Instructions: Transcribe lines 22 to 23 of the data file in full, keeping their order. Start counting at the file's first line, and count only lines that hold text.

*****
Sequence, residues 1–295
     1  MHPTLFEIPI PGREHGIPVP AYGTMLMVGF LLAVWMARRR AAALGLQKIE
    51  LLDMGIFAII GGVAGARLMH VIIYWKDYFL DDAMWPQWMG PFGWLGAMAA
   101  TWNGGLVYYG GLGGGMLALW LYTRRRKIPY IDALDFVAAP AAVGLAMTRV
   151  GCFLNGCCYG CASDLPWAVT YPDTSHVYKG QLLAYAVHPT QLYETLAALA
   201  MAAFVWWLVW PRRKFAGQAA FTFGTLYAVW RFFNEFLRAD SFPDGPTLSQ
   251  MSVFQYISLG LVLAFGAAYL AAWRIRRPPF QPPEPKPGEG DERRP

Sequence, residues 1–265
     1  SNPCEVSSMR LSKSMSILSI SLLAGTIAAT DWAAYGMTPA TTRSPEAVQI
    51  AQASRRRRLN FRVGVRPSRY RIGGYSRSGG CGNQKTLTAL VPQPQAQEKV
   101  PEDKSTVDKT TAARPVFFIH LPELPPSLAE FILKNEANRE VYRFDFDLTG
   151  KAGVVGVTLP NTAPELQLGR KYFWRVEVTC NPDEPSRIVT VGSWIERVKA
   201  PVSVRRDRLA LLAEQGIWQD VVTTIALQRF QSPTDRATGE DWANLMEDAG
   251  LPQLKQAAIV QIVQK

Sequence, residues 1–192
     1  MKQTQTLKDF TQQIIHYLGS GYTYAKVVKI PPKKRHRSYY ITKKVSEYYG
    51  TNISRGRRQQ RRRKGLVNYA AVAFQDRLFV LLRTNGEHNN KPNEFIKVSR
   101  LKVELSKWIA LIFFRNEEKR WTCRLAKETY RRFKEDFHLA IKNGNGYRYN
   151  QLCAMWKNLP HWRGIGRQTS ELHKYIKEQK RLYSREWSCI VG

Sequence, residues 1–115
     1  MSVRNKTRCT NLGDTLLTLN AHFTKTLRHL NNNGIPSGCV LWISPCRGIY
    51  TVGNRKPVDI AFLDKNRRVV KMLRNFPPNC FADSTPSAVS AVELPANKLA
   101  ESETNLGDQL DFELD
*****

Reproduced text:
    51  TVGNRKPVDI AFLDKNRRVV KMLRNFPPNC FADSTPSAVS AVELPANKLA
   101  ESETNLGDQL DFELD